Log truck carrying old growth logs into the lumber mill in Revelstoke British Columbia.

Every inch of this landscape is traditional habitat for mountain caribou. Revelstoke is in the heart of inland temperate rainforest and, as any visitor will tell you, is very, very wet. Caribou here exhibit the double migration pattern typical of the 'mountain' ecotype: spending a chunk of the spring and fall in the valley bottoms, and the summer and winter at high elevations. The two caribou herds in the region are fairing quite differently. The Columbia South herd is heading quickly towards extirpation, with the province listing only 5 animals and having no plans to augment the herd. The Columbia North herd has been the focus of a great deal of attention, and by most estimates its size has “stabilized” with well over 100 animals. The general consensus is that its prospects are better than most.

 Looking up through the canopy of old growth western red cedar forest. Though cutting of old growth in this area is still common, this particular stand, within the forest tenure of the Revelstoke Community Forest Cooperation, has been set aside and will not be cut.

Looking up through the canopy of old growth western red cedar forest. Though cutting of old growth in this area is still common, this particular stand, within the forest tenure of the Revelstoke Community Forest Cooperation, has been set aside and will not be cut.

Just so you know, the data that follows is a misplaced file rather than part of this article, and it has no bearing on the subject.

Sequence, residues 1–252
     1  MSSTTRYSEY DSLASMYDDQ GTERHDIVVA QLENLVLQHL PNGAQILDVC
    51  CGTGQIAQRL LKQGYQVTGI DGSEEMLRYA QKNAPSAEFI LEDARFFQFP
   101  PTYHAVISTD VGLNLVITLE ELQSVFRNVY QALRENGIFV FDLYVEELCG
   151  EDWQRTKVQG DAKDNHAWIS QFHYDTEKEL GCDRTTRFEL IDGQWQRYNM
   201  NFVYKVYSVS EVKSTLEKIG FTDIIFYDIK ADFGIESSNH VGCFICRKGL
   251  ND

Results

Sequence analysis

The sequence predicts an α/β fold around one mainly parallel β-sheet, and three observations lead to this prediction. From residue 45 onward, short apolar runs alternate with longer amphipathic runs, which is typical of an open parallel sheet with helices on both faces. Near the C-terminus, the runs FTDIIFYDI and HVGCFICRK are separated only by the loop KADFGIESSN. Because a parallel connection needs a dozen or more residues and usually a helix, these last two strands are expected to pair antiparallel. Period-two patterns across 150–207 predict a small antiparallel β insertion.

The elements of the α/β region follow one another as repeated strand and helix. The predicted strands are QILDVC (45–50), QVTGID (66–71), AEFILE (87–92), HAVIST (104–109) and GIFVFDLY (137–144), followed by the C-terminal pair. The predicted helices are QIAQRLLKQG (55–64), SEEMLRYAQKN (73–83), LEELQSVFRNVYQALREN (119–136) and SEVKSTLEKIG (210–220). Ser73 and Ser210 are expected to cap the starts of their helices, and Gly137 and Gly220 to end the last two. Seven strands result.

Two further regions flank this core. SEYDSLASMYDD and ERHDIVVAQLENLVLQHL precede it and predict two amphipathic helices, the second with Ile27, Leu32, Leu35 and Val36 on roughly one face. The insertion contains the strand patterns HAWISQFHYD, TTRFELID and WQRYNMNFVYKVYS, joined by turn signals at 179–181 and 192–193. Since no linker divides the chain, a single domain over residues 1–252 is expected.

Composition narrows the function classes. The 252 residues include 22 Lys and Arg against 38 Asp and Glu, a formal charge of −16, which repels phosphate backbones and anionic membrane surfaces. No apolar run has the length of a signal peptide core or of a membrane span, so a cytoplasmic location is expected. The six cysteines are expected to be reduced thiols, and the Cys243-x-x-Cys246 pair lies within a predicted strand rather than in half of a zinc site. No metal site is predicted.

During 2 weeks in town this winter, I interviewed and/or spent time in the field with folks working in the local timber economy, members of the local Revelstoke Snowmobile Club, and several folks involved in the heli-ski industry. I also met with the Board of Directors for the non-profit Revelstoke Caribou Rearing in the Wild project which is spearheading the experimental program north of Revelstoke to hold pregnant caribou in pens for the period before and after they give birth to protect the cows and calves from predators during the calving season. This project has received the wide support of just about every element of the local community and has served as an opportunity for collaboration and relationship building between various segments of the community who are traditionally at odds with each other.

 A number of companies offer heli-skiing from Revelstoke, and the sound of helicopters flying is part of the winter ambiance in town and the mountains around it.

A number of companies offer heli-skiing from Revelstoke, and the sound of helicopters flying is part of the winter ambiance in town and the mountains around it.

 Daniel Kellie (left), owner of  Great Canadian Snowmobile Tours  and president of the  Revelstoke Snowmobile Club , and club members Ron LaRoy (center), and Brad McStay lean on the front of one of the clubs groomers used to maintain the network of snowmobile trails the club manages all winter. Daniel noted that interest in snowmobiling in the Revelstoke area is growing, adding pressure to the areas currently easily accessible and legally open to to snowmobiling, a number of which have known mountain caribou populations.